For the past five weeks, the Aurora Internship Program provided me with the incredible opportunity to intern in the Community Development unit of the Central Land Council. Before I left, I heard of the many great things CLC has been doing and has done. Many of my peers informed me that an internship here in the community development unit would provide experience in the field like no-where else in Australia. Community Development in Central Australia is truly unique. Here, self-determination and agency of the Indigenous constituents are not just buzzwords, as these terms can often be. The most important lesson for me was how the CD Unit manages projects that are created and led by their constituents. These past five weeks have given me a chance to put skills learnt throughout my education into practice, as well as extending these learnings and providing specific knowledge on complex development situations. Not only have I experienced many different situations within community development, but my knowledge about the complexities of Native Title and Land Rights has grown. None of the skills learnt in this context would have been accessible in a university classroom.
The workplace itself has been incredibly welcoming and inviting. Despite my complete lack of experience, I have felt part of a team here. It became very clear how important a strong team and a healthy work-life balance is in such a complex and highly emotional field. The projects I was working on were very varied, across the many different regions and projects. The work itself was mostly reviewing, annotating and creating internal documents, but this allowed me to thoroughly research many of the complex projects within the CD Unit. Learning the ins and outs of the Uluru Rent Money Project and the Warlpiri Education and Training Trust has been extraordinarily valuable. Although I was mostly working at a computer, hearing the CD Officers coming and going, learning about their trips to the field gave me an insight into how the work here was far from just being at a desk.
A meeting facilitation workshop was one of the highlights for me, hearing how staff across CLC use meetings to make important decisions, provide information, evaluate projects and build relationships. Even as the least experienced person in the room, I felt comfortable to ask any question here. I could see that in meetings and consultations, the skills I learnt through anthropology would be important. Having co-workers confirm the uses of anthropology in community development was incredibly affirming, as I have always wanted to learn more about how the practical skills theorised through years of university could be applied outside of academia.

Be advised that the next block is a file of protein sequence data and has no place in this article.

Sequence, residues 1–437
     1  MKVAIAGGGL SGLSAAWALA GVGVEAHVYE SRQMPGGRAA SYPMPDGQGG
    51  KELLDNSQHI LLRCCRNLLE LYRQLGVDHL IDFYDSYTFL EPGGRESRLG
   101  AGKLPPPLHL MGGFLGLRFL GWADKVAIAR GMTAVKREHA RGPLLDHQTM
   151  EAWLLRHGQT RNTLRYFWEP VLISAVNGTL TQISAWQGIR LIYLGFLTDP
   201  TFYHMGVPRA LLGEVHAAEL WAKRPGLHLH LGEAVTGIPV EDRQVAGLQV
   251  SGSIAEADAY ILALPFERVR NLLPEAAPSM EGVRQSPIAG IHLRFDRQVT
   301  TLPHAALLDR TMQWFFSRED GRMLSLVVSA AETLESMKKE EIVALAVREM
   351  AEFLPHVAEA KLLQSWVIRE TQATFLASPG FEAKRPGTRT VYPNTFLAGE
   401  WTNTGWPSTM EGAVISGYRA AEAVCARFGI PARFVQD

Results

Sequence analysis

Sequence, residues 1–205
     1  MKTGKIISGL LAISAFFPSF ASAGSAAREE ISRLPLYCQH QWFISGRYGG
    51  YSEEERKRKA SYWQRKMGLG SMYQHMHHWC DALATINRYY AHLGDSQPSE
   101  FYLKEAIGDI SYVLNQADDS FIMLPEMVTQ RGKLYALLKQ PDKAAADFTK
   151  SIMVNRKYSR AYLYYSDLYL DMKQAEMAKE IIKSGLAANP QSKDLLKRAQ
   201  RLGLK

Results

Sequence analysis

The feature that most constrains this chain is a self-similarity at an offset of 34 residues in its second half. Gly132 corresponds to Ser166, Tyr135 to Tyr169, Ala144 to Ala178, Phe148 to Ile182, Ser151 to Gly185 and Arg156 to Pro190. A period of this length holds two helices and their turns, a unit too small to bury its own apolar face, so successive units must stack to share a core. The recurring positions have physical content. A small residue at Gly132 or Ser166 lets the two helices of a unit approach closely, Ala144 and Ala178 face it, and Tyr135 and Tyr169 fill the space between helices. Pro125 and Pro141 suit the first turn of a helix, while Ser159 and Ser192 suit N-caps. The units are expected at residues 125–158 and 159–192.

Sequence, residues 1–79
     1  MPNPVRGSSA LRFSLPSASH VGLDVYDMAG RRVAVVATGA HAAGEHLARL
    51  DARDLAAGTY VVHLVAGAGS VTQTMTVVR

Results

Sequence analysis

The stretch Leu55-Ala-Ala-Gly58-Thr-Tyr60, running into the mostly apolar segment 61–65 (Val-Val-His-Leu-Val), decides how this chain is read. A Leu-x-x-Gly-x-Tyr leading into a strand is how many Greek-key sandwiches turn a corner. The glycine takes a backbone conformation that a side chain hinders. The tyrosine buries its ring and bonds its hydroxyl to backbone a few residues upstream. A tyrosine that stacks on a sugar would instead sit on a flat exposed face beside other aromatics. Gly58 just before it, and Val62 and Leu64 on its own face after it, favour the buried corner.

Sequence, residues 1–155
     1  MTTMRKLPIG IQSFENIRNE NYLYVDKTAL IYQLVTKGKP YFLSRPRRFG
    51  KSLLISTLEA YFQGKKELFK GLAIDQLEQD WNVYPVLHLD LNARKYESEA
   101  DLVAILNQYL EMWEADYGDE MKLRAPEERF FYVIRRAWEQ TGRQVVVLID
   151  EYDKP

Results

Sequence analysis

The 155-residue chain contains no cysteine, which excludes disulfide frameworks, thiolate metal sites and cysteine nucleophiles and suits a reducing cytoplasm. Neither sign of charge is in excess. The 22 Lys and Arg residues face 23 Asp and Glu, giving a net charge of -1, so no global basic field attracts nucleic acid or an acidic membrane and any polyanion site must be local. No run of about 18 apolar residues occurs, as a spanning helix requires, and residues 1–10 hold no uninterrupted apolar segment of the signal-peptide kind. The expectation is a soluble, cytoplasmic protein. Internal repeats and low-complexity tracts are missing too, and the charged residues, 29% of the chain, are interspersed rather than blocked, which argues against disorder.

In the second half the internship, I have been out to communities with officers from two separate projects. Both of these experiences were incredible individually, and gave me the chance to see projects I had spent weeks reading about. Not only that, I heard first hand from the constituents how they felt about the projects and the processes. In these meetings, I learnt how far a cup of tea and just listening can go in creating relationships. It also opened my eyes to the complex place of CLC in community development here, as a kind of ‘middle-man’ between potential project partners and the communities themselves.
Just living in Alice Springs for six weeks has also been a highlight for me. Even just in this short time, I have experienced so much. The lifestyle here of camping, attending local events and swimming in water holes and at the town pool is a welcome change to the busier lifestyle in Canberra. The entire experience at the Central Land Council has reaffirmed my passion for applied anthropology and community development, and taught me incredibly important information about the Aboriginal people of the Central Desert. I highly recommend undertaking this experience if you have the opportunity.
Applications for the winter 2020 round will be open from 2 through 27 March 2020 (http://auroraproject.com.au/about-internship-program).